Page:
By Paul Moomjean 08/08/2013
Bill Maher once said, “Isn’t the point of working at a fast-food place to know you don’t want to work there forever?” That quote needs to be tweeted across America, because in late July a group of McDonald’s strikers in Lower Manhattan decided enough was enough and that their $7.25 an hour rate should be $15 an hour. Will they do more work? Will they have more responsibilities? Will they produce McNuggets at a faster rate? The answer is no. They simply want more money for existing.
In fact, six other U.S. cities are seeing picketing as well. In each area, the argument the same —life is too darn expensive and the workers want more money, well, just ’cause.
Shanell Young of New York says paying for herself and her 5-year-old son has reached the boiling point. She makes $7.25 an hour.
“It’s horrible,” says Young. “Everything goes up. It’s unfair. You can’t find an apartment. You can’t pay for children’s school uniforms. Everything is unfair. We can’t live off this.”
McDonald’s responded with a helpful 27-page budget pamphlet for its workers that encouraged them to find secondary work if they wanted to pay the rent. The document advises using public transportation, paying down debt quickly and using the library as the entertainment source instead of buying books and renting movies or going to the theater.
I applaud McDonald’s for giving its workers an honest breakdown of how to make working at McDonald’s work for them. Someone has to.
Minimum-wage jobs are for what we call “non-skilled labor.” These jobs are meant for teenagers and college students who are pursuing their educations and plan to move out of burgers and fries and into banking and teaching. Not for “lifers.” McDonald’s provides an opportunity to move from blue collar to white collar. It’s a temporary position, not a lifestyle.
Sadly, many of these workers didn’t get that memo, so they got the McDonald’s memo instead. Like 27-year-old Stephen Warner of New York:
“While I’m making $7.25, my money can’t take me anywhere. The price of living is going up it seems every day,” said Warner. “I appreciate the opportunity to work. But I want them to consider how much I make and ask [themselves] if they could live off of it.”
At 27 years old, shouldn’t Warner have moved past minimum-wage jobs? I understand life is hard and not all our dreams are fulfilled; but at 27, Warner really should have a degree, a $40,000-a-year job and be working toward moving upward at a decent corporation, if not starting his own business by now.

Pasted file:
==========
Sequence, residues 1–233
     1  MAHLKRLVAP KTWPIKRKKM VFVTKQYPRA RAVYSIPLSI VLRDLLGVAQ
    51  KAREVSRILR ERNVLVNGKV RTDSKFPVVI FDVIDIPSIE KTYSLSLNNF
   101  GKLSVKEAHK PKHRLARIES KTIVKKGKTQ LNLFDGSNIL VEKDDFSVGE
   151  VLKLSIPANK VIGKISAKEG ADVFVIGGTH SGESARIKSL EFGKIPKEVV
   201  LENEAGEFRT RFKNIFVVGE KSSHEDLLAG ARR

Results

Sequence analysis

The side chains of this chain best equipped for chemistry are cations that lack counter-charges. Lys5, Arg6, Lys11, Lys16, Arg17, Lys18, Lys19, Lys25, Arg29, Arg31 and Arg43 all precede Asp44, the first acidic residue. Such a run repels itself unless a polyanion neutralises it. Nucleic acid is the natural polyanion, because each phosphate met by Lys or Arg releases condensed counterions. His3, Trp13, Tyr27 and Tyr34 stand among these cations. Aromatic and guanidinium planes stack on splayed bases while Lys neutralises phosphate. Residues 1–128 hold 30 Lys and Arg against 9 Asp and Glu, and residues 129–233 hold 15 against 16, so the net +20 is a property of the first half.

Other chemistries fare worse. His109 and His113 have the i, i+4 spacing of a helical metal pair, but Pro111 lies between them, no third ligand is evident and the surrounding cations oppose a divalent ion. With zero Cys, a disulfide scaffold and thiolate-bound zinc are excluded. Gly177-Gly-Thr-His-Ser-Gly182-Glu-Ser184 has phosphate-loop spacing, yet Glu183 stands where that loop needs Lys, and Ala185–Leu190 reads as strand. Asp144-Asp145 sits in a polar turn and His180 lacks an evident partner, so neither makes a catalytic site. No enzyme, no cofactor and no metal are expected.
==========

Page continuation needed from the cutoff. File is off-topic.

Back in November of 2012, this war on minimum wage started with the Fast Food Forward movement. People like Warner joined with other unskilled workers to unite against the profits of their fast-food corporations. This recent surge is round two of an unsuccessful fight.
Ironically, many of these workers will not be replaced by more grateful employees, but in a science fiction-esque twist, by machines. According to NPR, Michael Saltsman, who is research director at the Employment Policies Institute, says the future will be touch screens.
“There are a number of chains here in the U.S. who are experimenting with electronic menus where you can order on an iPad-type device; you can pay on that device,” says Saltsman. “These are changes that happen in direct response to higher labor costs.”
You see, it’s not hard to work at McDonald’s. I’ve worked those jobs. Those were low-paying jobs because my skills were low and anyone could do what I did. These people are about to strike their jobs out of existence due to their lack of initiative.
Essentially, our self-esteem-first society has produced a nation of uneducated, unmotivated, ungrateful and entitled citizens who believe their ability to warm up precooked food should put them at the same level as those who got their degrees, earned their stripes and climbed the corporate ladder.
I know it’s hard, but in America it’s possible. With online school, FASFA (Free Application for Federal Student Aid), and government loans, many of these strikers could start pulling themselves up.
It might be hard, but hard work is “hard.” Because if it were easy, they’d call it “easy.”